Georgia Receives Failing Marks for Third Straight Year
WASHINGTON, Nov. 6 /PRNewswire-USNewswire/ -- Today, Lung Cancer Alliance-Georgia (LCA-GA) issued its 3rd Annual Report Card on Lung Cancer. This Report is an assessment of progress being made against this lethal disease in the state of Georgia. LCA-GA is a chapter of Lung Cancer Alliance (LCA), the only national organization dedicated exclusively to patient support and advocacy for people living with or at risk for lung cancer.
Lung cancer is the number one cause of cancer deaths nationally, as well as among Georgian men and women, resulting in 30 percent of all cancer deaths in the state. This year alone, 5,980 Georgians will be diagnosed and 4,570 will die from the disease --- more than the combined total of breast, prostate, and colon cancers.
"Despite these alarming statistics, the Georgia legislature and Georgia Cancer Coalition have virtually ignored lung cancer and its impact on citizens throughout the state," said Ed Levitt, LCA-GA Chair. "State funding for lung cancer prevention, early detection, better treatments and research must increase if we are going to see a reduction in mortality rates in Georgia."
"For the third straight year, LCA-GA has laid out their commitments to reversing the decades of stigma and neglect associated with lung cancer," said Laurie Fenton Ambrose, LCA President and CEO. "They have an incredible team in place willing to work with other organizations who share their common goals laid out in their 2008 Report Card on Lung Cancer."
The LCA-GA 2008 Report Card on Lung Cancer uses seven categories to annually grade progress in key benchmarks areas, in order to alert Georgian public health and public policy leaders and state residents to what needs to be done to address lung cancer appropriately.
Over the past four decades, significant funding for research and early detection has greatly increased five year survival rates for breast cancer (88 percent), prostate cancer (99 percent) and colon cancer (65 percent).
Underfunded and ignored, lung cancer five year survival rate is still only 15 percent.
The LCA-GA 2008 Report Card on Lung Cancer grades the following seven categories:
"The problem is clear," concluded Levitt. "It is time to make a change. Lung cancer has been declared a national public health priority by the U.S. Congress. LCA-GA would like to make sure that Georgia and its outstanding hospitals and research centers play a major role in this effort for the benefit of Georgians as well as the nation."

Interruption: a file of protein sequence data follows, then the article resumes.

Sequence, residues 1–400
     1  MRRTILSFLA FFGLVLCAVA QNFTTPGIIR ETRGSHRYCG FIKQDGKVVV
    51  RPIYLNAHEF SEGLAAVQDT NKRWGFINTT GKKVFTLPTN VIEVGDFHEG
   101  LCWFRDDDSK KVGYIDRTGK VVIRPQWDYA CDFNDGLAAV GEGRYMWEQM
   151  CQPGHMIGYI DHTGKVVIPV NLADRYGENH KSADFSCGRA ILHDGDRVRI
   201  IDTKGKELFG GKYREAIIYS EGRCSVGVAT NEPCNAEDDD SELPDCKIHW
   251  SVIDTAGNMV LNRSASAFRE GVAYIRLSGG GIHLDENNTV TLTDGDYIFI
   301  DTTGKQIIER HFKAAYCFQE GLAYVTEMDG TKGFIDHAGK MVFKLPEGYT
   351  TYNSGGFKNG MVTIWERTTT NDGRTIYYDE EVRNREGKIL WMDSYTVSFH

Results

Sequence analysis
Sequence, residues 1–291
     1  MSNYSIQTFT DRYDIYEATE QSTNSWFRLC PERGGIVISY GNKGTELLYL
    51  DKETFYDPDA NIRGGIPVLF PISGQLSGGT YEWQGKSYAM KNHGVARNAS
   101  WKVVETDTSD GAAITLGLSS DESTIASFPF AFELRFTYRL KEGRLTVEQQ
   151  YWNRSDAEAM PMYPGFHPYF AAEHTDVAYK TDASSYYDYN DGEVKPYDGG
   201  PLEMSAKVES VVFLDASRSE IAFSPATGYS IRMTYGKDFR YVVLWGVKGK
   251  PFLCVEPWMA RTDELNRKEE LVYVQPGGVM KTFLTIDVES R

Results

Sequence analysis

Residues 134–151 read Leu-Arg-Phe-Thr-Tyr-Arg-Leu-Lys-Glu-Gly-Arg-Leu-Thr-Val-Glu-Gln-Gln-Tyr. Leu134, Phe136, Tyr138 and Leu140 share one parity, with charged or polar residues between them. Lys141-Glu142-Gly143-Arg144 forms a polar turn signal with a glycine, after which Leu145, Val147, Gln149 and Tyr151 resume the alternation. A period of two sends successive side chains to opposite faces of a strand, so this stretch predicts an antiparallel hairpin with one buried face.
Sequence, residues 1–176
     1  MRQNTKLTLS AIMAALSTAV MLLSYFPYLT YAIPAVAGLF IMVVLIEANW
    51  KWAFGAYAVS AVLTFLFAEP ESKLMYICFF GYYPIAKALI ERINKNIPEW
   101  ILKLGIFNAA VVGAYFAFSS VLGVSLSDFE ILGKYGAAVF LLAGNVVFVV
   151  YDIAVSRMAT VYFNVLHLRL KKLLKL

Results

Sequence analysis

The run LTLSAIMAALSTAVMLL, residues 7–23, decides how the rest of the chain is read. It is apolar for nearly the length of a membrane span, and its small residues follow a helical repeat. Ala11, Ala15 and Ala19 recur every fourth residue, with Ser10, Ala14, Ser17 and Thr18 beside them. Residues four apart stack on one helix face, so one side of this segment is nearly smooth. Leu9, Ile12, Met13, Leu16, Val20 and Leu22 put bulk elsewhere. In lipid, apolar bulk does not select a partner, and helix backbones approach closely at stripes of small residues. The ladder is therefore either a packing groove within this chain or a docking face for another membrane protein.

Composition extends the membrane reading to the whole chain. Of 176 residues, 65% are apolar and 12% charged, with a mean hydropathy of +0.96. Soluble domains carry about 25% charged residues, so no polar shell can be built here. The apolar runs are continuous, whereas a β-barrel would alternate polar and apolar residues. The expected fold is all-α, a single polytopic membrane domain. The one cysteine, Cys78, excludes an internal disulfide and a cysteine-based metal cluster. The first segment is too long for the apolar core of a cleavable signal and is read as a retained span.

For more information on the services provided by the Lung Cancer Alliance or to view the complete LCA-GA 2008 Report Card on Lung Cancer, visit www.lungcanceralliance.org.
Lung Cancer Alliance is the only national non-profit organization solely dedicated to patient support and advocacy for people living with, or at risk for, lung cancer. Lung Cancer Alliance is committed to leading the movement to reverse decades of stigma and neglect by empowering those with or at risk for the disease, elevating awareness, and changing health policy.
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-- Number of Deaths -- GRADE: F Lung cancer is the number one cause of cancer death among Georgian men and women. -- Five-Year Survival Rate -- GRADE: F Lung cancer is the only major cancer with virtually no improvement in survival for nearly 40 years, and a five year survival rate that has hovered at 15 percent. -- State-Supported Research -- GRADE: F Lung cancer is under-funded and under-researched relative to its Georgia public health impact. -- Newly-Addicted Youth Smokers -- GRADE: F 13,100 new Georgian "daily" smokers under age 18 become addicted each year. Georgia is one of only 5 states not covering prescription medications to quit smoking under Medicaid losing federal matching funds and is 48th out of 50 states in tobacco prevention spending, spending only $2.3 million in the 2009 budget, less than 1% of tobacco-related revenues. -- State-Supported Early Detection Program -- GRADE: F Georgia continues to ignore the mounting data showing that CT screening in a high risk population will save lives. -- State Cancer Plan Commitment -- GRADE: D The 2008 State Cancer Plan is underwhelming in its commitment to patients, survivors, and caregivers who are looking for leadership to reverse decades of stigma and neglect too long attached to lung cancer. -- Disparity Issue -- GRADE: F The lung cancer incidence and mortality for African-American males in Georgia is significantly higher than any other ethnic group, yet this difference is not being addressed or researched.
SOURCE Lung Cancer Alliance